Bossypants by Tina Fey and Steve Jobs by Walter Isaacson.
Leaders to learn from who couldn’t be more different:
Tina Fey’s biography is full of laughs going back to early childhood humiliations, learning improv, breaking into Saturday Night Live, and finally to 30 Rock creator and executive. Amongst the laughs are insights on leadership and motherhood. Use your energy on your work and ignore people who want to distract you. Don’t believe people who try to pit you against other women (“cat fight!”)—you have to compete against everyone. Don’t forget to check out her definition of a “crazy” woman—it uses language I can’t repeat in a family friendly publication!
Steve Jobs falls into the category of great man as enormous jerk. Extraordinary mind—check. Creative genius—check. Don’t build the best product the customer wants, build something no one knows is even possible and they will want it. Control everything! Believe your intuition even where others have greater expertise (e.g. iTunes and the music industry). Ego, yes, but the iPhone would never have happened without that self-confidence. Jobs proved it is possible to make people reach higher than they ever thought possible by sheer force of will but, the book shows the human cost.
Half-Blood Blues by Esi Edugyan, and In the Garden of Beasts: Love, Terror, and an American Family in Hitler’s Berlin by Erik Larson.
Two very different books offer unique perspectives on a historical moment:
Edugyan’s prize winning novel’s protagonists are jazz musicians living and performing in Germany at the dawn of WWII. Largely freer in Germany than in the racially segregated United States at the beginning of the story, the layers of fear, oppression, and ultimately death for some and escape for others build against a not quite love story that pits ambition alongside self-preservation and rewards us ultimately with a surprising ending that is painful in its ambivalence.
Larson’s book depicts statecraft through one family’s experience. It chronicles William Dodd, new US ambassador to Germany, and his 24-year-old daughter Martha for their four years in Berlin as Hitler rose to power. Outsiders both in Berlin and in the diplomatic corps, neither understood the impact of what they were witnessing. Entranced by the social whirl of Berlin, Martha romanticized Nazi officers. Dodd underestimated his impotence even once he belatedly realized the gravity of the circumstances. Too alienated from corridors of power to be influential, Dodd is ultimately a tragic figure.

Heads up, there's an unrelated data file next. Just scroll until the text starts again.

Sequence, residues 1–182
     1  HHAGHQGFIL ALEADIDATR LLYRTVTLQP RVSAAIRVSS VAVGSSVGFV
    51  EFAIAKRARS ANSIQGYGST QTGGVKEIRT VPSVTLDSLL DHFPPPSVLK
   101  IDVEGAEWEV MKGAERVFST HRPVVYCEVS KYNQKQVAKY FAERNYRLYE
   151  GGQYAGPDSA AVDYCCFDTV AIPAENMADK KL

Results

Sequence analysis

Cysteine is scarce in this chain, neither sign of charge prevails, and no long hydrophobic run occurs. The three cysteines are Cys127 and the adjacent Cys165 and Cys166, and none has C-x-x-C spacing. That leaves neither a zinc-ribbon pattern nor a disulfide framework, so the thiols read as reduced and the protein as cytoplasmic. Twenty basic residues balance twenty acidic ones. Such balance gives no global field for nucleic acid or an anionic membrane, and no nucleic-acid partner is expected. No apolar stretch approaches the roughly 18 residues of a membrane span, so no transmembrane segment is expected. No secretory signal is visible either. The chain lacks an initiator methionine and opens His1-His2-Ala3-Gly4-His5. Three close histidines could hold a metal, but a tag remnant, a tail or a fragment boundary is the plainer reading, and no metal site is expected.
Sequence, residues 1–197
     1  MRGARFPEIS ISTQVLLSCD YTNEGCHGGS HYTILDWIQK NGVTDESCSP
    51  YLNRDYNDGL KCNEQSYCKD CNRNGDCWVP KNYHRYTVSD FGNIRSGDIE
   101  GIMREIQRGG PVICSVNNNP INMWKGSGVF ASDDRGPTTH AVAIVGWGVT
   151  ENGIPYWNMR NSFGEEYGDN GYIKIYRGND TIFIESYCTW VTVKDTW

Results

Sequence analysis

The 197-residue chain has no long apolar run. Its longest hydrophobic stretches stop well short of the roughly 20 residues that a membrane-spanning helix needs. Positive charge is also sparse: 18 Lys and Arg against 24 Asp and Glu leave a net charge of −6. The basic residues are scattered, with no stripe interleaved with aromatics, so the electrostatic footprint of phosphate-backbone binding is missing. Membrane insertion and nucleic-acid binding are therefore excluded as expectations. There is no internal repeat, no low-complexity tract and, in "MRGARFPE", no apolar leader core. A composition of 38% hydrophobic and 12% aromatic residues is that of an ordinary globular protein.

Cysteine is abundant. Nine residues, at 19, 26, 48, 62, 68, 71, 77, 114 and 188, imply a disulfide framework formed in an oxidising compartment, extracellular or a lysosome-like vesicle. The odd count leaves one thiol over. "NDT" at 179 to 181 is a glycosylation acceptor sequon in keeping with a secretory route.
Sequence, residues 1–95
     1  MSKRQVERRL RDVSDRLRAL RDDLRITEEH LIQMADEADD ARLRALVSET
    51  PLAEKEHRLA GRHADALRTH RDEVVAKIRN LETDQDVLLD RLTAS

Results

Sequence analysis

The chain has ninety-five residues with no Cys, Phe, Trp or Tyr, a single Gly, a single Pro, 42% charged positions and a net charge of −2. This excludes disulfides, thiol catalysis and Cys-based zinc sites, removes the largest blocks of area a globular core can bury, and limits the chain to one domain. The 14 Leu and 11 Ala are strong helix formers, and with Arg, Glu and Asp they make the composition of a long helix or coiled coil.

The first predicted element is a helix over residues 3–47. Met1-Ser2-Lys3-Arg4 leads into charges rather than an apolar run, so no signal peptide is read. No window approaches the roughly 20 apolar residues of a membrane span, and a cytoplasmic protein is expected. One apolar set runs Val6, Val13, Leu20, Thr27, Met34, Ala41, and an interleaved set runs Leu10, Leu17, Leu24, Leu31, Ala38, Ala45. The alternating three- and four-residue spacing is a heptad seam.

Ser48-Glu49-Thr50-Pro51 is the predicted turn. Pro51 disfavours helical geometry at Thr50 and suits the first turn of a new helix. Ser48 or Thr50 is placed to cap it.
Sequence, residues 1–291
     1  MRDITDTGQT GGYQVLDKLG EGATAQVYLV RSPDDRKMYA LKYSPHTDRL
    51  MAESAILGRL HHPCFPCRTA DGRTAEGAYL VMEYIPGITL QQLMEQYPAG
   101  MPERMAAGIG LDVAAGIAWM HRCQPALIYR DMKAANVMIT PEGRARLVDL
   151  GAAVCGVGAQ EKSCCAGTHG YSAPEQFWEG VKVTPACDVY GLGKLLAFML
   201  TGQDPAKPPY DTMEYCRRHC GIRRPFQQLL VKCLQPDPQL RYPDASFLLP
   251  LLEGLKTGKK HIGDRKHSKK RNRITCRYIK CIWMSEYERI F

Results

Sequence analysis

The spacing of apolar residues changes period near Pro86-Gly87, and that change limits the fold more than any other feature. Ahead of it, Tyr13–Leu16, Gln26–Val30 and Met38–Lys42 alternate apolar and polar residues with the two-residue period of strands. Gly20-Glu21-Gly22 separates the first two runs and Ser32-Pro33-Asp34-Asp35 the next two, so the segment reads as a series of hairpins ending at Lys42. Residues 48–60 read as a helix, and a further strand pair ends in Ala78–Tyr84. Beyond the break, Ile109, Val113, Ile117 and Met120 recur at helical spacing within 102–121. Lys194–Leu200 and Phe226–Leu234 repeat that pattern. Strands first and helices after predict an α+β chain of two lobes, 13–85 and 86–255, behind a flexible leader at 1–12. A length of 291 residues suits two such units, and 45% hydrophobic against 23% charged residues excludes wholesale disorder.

The Power of Habit by Charles Duhigg and Willpower by Roy F. Baumeister.
Harnessing the insights of neuroscience to understand yourself and influence your organization:
These books use neuroscience to look at why some of us seem so much better at pushing through adversity and building habits that create success. For example, Duhigg examines the training of Olympic swimming champion Michael Phelps and the habit of winning that was drummed into him by the reinforcement of cue, routine and reward. Research shows academic success is more dependent on “grit,” the ability to consistently work through obstacles, than IQ. Willpower isn’t an innate quality, you aren’t born being able to eat just one chocolate chip cookie! You can build, store, deplete and strengthen willpower. By creating good habits and building willpower, you can develop new personal strengths and organizational capacities. Harness the neuroscience to create an Olympic medalist, the safest factory or the most profitable business.
Julia Hanigsberg is currently the Vice President of Administration and Finance at Ryerson University. She sits on a number of committees and boards and holds a B.C.L. and LL.B from McGill’s Faculty of Law. She also acted as interim dean for the G. Raymond Chang School of Continuing Education from 2008-2009. You can follow Julia’s blog at vpag.blog.ryerson.ca.